the BtVS Role-playing Game, fashion is Buffy’s consistent “wild card”). She is fashionable enough, at
the beginning of the pilot, to merit Cordelia’s attention and possible admission to the Cordettes. Much
of “Welcome to the Hellmouth” (1001) centers around fashion concepts. Buffy agonizes over what to
wear to the Bronze (“Hi, I’m an enormous slut! Hello, would you like a copy of the Watchtower?”),
identifies potential vampires by their lack of fashion sense, and informs Giles that one of her greatest
worries upon arriving at Sunnydale High was that she “would have last month’s hair.”

       [8] As Buffy’s reflection of her pre-Slayer self, Cordelia is the denizen of trendy fashion at
Sunnydale High. Much of her early dialogue is devoted to promoting her own fashion aesthetic or to
denigrating those who do not meet her standards, as when she tells Willow, “so glad you’ve discovered
the softer side of Sears” in “Welcome to the Hellmouth” (1001). Cordelia’s attachment to fashion is a
constant throughout her three seasons on BtVS. In “Out of Mind, Out of Sight” (1011), Cordy
announces that her May Queen gown will be “specially made” because “off-the-rack gives me hives.” In
“Reptile Boy” (2005), Cordelia instructs Buffy on what (not) to wear to the fraternity party, “don’t wear
black, silk, chiffon or spandex—these are my trademarks.” (Buffy responds by wearing a little black
chiffon-looking number, both asserting her own ownership of these fashion signifiers and undercutting
Cordelia’s attempt to dictate fashion requirements.) Cordelia also resorts to designer names and power
colors such as red and black following her breakup with Xander in season three as an attempt to re-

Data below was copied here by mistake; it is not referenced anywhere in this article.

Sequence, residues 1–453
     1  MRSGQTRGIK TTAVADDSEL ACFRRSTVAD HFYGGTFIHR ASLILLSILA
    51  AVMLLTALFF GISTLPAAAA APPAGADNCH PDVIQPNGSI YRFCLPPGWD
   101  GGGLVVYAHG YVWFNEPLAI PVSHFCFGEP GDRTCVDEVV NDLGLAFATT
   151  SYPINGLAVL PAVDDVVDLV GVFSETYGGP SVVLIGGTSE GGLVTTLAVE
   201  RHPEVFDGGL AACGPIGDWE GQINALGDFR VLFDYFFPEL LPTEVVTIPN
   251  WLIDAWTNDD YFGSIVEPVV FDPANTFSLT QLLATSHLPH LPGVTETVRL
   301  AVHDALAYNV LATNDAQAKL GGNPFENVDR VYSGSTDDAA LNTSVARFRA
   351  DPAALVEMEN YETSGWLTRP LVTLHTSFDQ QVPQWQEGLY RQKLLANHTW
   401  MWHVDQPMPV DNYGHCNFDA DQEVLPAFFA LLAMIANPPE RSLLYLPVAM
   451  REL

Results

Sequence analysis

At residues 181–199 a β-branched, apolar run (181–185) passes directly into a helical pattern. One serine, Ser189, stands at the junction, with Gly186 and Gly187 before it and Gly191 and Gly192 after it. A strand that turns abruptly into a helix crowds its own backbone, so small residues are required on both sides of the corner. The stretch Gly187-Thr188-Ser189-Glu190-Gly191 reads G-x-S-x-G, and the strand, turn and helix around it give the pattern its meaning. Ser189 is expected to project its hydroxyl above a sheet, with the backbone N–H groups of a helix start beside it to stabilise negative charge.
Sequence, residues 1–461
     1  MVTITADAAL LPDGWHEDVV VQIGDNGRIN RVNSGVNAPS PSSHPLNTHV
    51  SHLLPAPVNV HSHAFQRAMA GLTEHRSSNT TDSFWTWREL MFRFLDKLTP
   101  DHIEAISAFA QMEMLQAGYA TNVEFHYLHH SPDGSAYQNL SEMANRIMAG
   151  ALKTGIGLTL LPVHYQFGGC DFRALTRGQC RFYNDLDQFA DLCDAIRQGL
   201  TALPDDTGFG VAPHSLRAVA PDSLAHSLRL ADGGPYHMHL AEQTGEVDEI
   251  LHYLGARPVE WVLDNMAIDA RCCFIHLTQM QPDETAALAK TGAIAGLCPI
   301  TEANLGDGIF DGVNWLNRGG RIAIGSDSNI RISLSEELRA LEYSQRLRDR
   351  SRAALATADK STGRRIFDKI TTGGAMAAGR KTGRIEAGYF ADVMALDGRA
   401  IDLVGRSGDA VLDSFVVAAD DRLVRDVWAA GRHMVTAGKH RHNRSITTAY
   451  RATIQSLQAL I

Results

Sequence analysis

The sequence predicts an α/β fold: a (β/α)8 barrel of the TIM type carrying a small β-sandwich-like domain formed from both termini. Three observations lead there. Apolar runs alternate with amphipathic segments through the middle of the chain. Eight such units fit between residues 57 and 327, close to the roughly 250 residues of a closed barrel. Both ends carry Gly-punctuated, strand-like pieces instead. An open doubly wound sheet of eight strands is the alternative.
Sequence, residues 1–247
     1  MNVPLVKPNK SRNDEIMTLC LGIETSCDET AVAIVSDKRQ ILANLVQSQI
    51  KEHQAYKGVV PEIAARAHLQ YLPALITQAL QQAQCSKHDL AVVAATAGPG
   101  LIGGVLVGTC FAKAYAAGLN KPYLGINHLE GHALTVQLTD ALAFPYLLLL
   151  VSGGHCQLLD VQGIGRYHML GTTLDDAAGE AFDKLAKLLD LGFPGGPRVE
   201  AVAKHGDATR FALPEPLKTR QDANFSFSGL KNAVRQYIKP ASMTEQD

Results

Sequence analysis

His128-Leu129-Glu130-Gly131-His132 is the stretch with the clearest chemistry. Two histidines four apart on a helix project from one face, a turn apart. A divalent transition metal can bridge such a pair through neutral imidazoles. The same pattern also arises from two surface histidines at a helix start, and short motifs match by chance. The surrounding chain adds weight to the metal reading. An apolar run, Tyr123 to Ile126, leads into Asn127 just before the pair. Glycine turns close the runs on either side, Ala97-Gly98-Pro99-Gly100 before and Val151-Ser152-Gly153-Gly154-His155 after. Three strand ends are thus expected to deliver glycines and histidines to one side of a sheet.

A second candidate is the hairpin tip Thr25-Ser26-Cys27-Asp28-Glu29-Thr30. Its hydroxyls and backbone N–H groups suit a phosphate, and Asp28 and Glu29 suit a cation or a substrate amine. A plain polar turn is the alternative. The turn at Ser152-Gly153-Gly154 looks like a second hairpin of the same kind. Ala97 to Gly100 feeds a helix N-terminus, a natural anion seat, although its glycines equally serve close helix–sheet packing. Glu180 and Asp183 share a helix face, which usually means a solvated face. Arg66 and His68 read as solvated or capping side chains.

establish her position within the school. She further bonds with new student Anya over Harmony’s snide
remarks, remarking that her former friends “can’t tell Prada from Payless” in “The Wish” (3009).
Cordelia’s ultimate fall from Queendom (which paves the way for her acceptance and redemption on
Angel) occurs in “The Prom” (3020), when she is also forced into an off-the-rack prom dress (which
Xander pays for) following her father’s problems with tax evasion.

        [9] This focus on fashion-conscious clothing was a choice from the outset of the series. Buffy
the Vampire Slayer: The Watcher’s Guide, Vol. 1 contains a reference to the care taken by costume
designer Cynthia Bergstrom in selecting the show’s “contemporary clothes” (Golden and Holder 88).
 Bergstrom used national chains, such as Barney’s, Neiman Marcus, and Macy’s, as well as local shops
like Fred Segal (spelled incorrectly in the Guide; Golden and Holder 88) to help keep the show’s major
characters hip and trendy. [2] In so doing, Bergstrom was able to keep a clear focus on the show’s
contemporary feel even as storylines themselves dealt with ancient demons, vampires, and occult
practices. Fashion provided the bridge for the audience between the “unreality” of the Hellmouth and
the “reality” of a one-Starbucks California town like Sunnydale, where high school cliques still doled out
stinging rebukes to those students, such as Willow and Xander (and later Buffy), who did not follow the

        [10] Buffy’s trendy fashion sense is held in direct opposition to the lack of fashion sense found in
Sunnydale’s vampire population. [3] Vampires in BtVS are portrayed as being “out of touch” with
current fashion, or dressing in unusual ways. As Matthew Pateman has observed, “the undead’s dress
sense is [often] the motor for comedy” (142). It is also a vehicle for self-referentiality and character
reinvention: the former prostitute Darla, Angel’s sire, first appears in a schoolgirl uniform (“Welcome to
the Hellmouth,” 1001); innocent and almost-nun Drusilla appears as a 19th century gothic novel heroine
in “What’s My Line?” (2009, 2010). Her outfits are complete with Georgian waistlines and Victorian high
collars, depending upon the dress. Later, she appears in a striking red gown (“Becoming, Part Two,”